Sunday, March 16, 2014
Soul Sunday: Customize Your Spiritual Journey
I wanted to share this piece written by actress, author and friend, Kristen Johnston. She inspires me with her honesty, the time she takes to connect with others and her candidness with everyone she comes in contact with. She is silent no longer about her addiction and recovery which has served to help a great many people. If you really get honest, we are all in recovery of some kind. From our past, various substances, people, choices etc. We are also all on our own unique journey, a spiritual journey that we customize. On her 7th anniversary of sobriety (March 10) she shared the following story about her spiritual journey, something we can call relate to on some level.
I'm writing because 7 years ago today I walked into rehab a shivering, mortified, miserable, drunk & high mess. I went to The Meadows, in Wickenburg, Arizona...a town out of the old west, with cowboys, Indians and old storefronts like a set from 'High Noon.'
I couldn't believe it, but I actually saw tumbleweeds blowing across the dusty road as we pulled in. It was a Sunday, so there was only one Nurse who took her sweeeeeet time checking me in. I was utterly dreading the opiate withdrawals, and begged her for something to offset the symptoms. However, she insisted I was WAY more of an alcoholic, and made me take Librium instead. I wandered around the rest of the evening in a dark murky haze, slurring my words & barely able to walk. NEVER check in to rehab on a Sunday.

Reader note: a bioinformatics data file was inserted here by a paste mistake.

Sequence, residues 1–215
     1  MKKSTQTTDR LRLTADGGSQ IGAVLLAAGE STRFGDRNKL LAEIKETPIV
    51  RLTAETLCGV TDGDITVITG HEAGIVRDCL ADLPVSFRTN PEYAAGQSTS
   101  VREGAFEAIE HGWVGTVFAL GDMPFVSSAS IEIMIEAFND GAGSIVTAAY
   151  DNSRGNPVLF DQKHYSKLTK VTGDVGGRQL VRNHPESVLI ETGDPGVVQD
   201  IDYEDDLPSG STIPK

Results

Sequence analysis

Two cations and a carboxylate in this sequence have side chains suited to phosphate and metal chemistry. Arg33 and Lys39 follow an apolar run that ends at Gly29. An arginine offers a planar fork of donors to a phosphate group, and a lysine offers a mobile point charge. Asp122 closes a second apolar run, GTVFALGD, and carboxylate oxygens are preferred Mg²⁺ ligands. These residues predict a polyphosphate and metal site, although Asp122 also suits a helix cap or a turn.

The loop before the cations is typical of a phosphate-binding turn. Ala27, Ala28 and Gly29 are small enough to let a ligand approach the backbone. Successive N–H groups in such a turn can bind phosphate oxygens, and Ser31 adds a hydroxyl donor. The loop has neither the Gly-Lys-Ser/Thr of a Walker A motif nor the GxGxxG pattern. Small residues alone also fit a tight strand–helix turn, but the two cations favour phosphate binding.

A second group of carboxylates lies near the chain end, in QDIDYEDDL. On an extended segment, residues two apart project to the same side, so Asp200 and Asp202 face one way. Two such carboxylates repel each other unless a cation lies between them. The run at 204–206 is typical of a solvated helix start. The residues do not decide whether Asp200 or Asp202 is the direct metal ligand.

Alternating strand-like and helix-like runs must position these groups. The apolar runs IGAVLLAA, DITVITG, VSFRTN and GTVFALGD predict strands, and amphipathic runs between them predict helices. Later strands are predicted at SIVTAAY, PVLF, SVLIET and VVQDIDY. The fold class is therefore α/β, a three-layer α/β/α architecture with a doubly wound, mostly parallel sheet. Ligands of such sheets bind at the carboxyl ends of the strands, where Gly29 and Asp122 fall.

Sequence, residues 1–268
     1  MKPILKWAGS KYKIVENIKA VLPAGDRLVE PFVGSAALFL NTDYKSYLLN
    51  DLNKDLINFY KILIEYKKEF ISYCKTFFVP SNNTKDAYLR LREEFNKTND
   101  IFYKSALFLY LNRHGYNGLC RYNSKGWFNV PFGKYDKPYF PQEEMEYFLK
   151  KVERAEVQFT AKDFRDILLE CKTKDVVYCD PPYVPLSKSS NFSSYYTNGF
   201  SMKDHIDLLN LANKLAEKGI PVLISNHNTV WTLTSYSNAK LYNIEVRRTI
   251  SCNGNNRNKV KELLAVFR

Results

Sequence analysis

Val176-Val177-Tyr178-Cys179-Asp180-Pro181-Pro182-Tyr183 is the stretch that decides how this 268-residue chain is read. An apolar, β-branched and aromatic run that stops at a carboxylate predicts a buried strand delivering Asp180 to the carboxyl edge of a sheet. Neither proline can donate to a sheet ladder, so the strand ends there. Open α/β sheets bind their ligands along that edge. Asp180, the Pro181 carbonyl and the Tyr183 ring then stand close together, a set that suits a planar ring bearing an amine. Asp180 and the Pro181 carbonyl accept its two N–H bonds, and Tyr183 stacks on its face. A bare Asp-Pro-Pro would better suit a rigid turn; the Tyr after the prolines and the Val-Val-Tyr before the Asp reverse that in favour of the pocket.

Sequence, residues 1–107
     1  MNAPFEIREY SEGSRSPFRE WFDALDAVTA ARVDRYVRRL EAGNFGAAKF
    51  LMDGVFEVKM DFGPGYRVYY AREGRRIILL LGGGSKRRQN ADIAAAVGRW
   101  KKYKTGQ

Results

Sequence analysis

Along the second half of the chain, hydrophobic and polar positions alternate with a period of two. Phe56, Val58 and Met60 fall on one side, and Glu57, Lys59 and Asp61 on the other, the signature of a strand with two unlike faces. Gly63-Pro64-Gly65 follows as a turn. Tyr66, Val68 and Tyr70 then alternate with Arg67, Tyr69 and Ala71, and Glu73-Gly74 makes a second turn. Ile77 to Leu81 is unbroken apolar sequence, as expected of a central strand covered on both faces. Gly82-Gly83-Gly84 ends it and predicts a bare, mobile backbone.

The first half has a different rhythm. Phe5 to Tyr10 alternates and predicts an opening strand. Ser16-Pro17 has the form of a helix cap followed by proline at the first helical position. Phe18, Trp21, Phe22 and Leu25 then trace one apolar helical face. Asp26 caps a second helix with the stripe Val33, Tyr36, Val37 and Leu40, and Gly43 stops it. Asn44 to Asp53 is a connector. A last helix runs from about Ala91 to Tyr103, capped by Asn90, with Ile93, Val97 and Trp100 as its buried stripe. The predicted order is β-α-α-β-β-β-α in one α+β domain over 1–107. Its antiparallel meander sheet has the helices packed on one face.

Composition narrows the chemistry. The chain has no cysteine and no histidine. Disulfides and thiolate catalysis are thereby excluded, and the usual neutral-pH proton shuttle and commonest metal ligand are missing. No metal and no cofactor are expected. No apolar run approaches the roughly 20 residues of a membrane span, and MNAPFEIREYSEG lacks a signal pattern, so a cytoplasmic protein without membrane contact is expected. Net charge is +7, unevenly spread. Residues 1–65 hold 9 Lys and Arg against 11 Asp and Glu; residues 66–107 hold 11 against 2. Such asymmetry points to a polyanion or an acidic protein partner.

Anyway, a friend who's struggling recently wrote me to say he knows he needs to stop drinking, but the thought of the spiritual journey it would take to get well was overwhelming to him. This reminded me of something that happened to me 7 years ago, and I decided to share it with the 3 of you still following me.
Once I got over the shock of being in rehab, I began to notice that people kept talking about things like "my spiritual journey" "higher power" and "god." I racked my brain, desperate to find a loophole
so I could suspend my disbelief in this "faith" shit.
The message I was getting was if I didn't, I'd never stay sober.
Having gone to Catholic grade school for 8 years, God & religion to me meant punishment, judgement, scratchy uniforms, miserable old priests, nuns who hated me, constant torment from schoolmates & endless, droning masses.
I left believing in nothing. Kind of the opposite of a 'Born again.' 'Dead Again'?
There was this spiritual counselor at The Meadows who I avoided like the plague, for obvious reasons. Also, she wore tons of enormous turquoise rings on every plump finger, feather earrings, Birkenstocks, and stank like patchouli.
As if her occupation & hairy legs weren't enough, she topped the whole look off with a PERMED MULLET. Yes, my friends. A full-on biz/front, partay/back. BUT WITH TIGHT CURLS.
When I'd see her in the cafeteria, I'd stop whatever I was doing & stare at her, imagining the discussions she had at her hair salon.
"Hi, Louise. Same as last time, but could you make the curls even tighter? I have a date Friday."
A few weeks into my stay there, she gave the Friday evening group lecture.